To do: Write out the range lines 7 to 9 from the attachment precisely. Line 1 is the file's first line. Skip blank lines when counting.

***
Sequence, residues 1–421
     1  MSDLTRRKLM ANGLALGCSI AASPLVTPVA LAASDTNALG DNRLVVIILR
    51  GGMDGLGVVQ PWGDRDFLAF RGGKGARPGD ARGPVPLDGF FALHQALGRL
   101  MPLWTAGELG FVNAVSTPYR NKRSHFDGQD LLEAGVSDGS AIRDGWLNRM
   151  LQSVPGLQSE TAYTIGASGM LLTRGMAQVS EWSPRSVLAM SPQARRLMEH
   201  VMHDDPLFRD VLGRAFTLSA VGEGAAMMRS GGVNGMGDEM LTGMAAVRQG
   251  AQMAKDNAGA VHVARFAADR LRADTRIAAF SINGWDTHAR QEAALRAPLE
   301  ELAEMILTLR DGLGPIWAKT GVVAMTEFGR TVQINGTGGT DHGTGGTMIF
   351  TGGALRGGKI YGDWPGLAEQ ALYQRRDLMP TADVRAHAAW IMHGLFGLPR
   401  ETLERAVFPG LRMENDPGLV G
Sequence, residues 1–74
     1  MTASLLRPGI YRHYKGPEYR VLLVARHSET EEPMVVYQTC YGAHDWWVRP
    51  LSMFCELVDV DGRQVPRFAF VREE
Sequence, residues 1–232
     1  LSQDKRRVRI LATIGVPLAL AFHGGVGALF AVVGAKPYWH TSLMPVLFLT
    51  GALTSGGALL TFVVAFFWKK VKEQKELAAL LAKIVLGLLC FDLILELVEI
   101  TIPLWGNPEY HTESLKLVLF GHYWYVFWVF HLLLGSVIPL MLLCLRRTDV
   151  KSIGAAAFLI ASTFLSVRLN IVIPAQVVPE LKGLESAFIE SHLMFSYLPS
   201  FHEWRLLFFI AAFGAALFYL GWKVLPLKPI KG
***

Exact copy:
   251  AQMAKDNAGA VHVARFAADR LRADTRIAAF SINGWDTHAR QEAALRAPLE
   301  ELAEMILTLR DGLGPIWAKT GVVAMTEFGR TVQINGTGGT DHGTGGTMIF
   351  TGGALRGGKI YGDWPGLAEQ ALYQRRDLMP TADVRAHAAW IMHGLFGLPR